The Mango Stand

Monday, April 25, 2005

Gay Rights in Mason (or a lack thereof)

Thanks to CincinnatiBlog for starting the ball rolling. Here's my $0.02 on this.

First off, some disclaimers:

1) I am a member of the Mason Community Center, and I excercise there all the time.
2) I have an aunt who is "married" to her girlfriend, and I think it's great.

However, I think the Mason Community center did absolutely the right thing, and here's why:

1) They aren't really being discriminated against. They are allowed to join, just as individuals, not as a married couple, as long as it applies uniformly (so that unmarried hetero couples can't get family memberships either, and all hetero couples wanting a family membership have to prove it).

2) Granting them a family membership would be a violation of the Ohio Constitution. If the City of Mason decided to recognize the Stotts as a family for purposes of membership in the community center, Mason would be "recognizing a legal status for relationships of unmarried individuals" under this amendment. Moreover, the Mason officials repeatedly state that they are merely following the definition of marriage under Federal law--stating at one point, "If they can claim a family dependent (on their taxes), they can get a family membership with us."

What Mason is doing is following the law. I don't agree with the law, but the referendum passed, and that's all there is to it. Mason cannot, on its own, recognize a status that neither Federal or State law does.

What Cincinnati Blog is arguing here, is extremely disingenuous. The Ohio Constitution applies to Cincinnati as well, so turning this into a city/suburban issue is just silly. Also, correct me if I'm wrong, but the last time I checked, the City of Cincinnati is hardly a shining beacon of tolerance for homosexuals.

My point: I disagree with Mason's policy, I disagree with the result, but I really can't fault them for it.

Back on Track

OK, so my self-imposed hibernation is over, and I should be posting more regularly now. Busy at work and more than a little bit sick lately, and I just haven't been in the mood to post. However, there are some issues requiring me to vent a bit, so if there's anyone still reading, I should have some more substantive posts up shortly.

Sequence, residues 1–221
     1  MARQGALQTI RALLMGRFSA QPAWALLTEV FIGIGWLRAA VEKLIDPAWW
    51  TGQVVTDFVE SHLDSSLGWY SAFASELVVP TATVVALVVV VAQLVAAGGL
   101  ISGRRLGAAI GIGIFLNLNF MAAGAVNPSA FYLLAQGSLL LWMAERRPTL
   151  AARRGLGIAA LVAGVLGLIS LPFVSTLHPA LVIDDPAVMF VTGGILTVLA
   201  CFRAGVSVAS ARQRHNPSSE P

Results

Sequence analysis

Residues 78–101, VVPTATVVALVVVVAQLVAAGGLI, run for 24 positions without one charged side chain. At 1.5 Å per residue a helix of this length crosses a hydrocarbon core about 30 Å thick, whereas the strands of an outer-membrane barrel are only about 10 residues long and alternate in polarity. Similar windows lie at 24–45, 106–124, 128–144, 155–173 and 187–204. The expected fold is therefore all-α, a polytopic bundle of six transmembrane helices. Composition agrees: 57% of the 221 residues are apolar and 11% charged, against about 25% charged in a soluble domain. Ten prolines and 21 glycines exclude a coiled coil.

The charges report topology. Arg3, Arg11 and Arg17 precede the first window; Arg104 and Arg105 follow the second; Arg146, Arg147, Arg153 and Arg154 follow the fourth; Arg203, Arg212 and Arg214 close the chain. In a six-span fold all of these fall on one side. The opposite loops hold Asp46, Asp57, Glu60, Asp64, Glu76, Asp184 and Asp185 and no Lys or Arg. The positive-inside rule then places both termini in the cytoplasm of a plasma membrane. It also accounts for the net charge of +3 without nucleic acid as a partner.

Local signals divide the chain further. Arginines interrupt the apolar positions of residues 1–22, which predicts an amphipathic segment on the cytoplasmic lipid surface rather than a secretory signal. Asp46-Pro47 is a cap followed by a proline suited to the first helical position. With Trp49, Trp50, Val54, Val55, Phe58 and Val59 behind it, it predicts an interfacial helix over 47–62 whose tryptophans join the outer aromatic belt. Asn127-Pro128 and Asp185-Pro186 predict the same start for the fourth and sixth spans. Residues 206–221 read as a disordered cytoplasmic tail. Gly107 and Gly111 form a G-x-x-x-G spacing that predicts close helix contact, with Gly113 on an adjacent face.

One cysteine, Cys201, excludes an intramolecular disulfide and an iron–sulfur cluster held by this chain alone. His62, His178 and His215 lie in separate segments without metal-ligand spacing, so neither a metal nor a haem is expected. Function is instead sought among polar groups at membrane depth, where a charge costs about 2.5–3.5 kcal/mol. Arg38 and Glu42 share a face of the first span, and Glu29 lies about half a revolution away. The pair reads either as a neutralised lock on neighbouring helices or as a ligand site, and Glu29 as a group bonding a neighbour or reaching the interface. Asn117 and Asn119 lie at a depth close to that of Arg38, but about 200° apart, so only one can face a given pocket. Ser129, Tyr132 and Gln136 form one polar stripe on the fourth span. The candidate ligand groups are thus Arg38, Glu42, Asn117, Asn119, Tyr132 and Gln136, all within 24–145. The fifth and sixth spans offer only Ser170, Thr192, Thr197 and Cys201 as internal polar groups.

Things to look for: Gays in Mason and some more Papal blogging, maybe with some foreign policy thrown in for good measure. Enjoy.

Thursday, April 14, 2005


I think I safely speak for many when I say:

Who knew West Chester had a symphony? (I sure didn't). And to get Stoltzman to stop by--amazing. And, if WC gets the Wi-fi they're contemplating, West Chester, that uber-suburb that it is, might be on the verge of becoming something it's never been before--cool.

I may move back. (just kidding)

(Thanks to Wes for the tip)

The tragedies of the clueless

Indulge me for a moment, this is something that's been on my mind lately:

Societies that adhere to ideology in denial of reality fail. Sometimes with a bang, sometimes with a whimper, but they fail. Sometimes they just decline, or fall beind to the point where they can be manipulated or defeated by more powerful societies more in touch with reality. This isn't some crackpot hypothesis; as much as anything is a historical law, this is.

Theories of imminent destruction have been argued and disproved since at least since Malthus and Marx; and each time some variable they didn't consider possible dooms their predictions to the wastepaper basket of history. Malthus's theories of mass starvation were disproved by the industrial revolution, and the way food production, like population growth, grew exponentially instead of geometrically; and Marx's predictions of capitalism's collapse didn't come to pass because capitalism proved capable of adapting--the contradictions of capitalism he observed were overcome by social policies that allowed the standard of living of ordinary people to grow.

I don't want to add to this pile of discredited pessimism except to add some observations:

--Our Republican freinds no longer give a damn about reality, and they are in charge. One wonders: do they know they are lying, or are they just ignorant? Do they know their numbers simply don't add up? Do they care?

--What happens when the piper has to be paid? When the beast has been starved, when government is, in Grover Norquist's evocative phrase, is "small enough to drown in a bathtub," what will America look like? Will it be the capitalist utopia these guys are assuming? Or will it be a lot worse? Here's one fictionalized vision--not anywhere I'd want to live, anyway. (Side note: if you aren't familiar with Neal Stephenson, you're missing out. He's probably my favorite author right now.)

--In short--are we living in one of those times, when the policies of our leaders take their leave of common sense to the point where our society declines? Will China be eating our lunch in a few decades? Are the Greenlanders who starved to death instead of eating fish, or the Easter Islanders cutting down the last palm tree?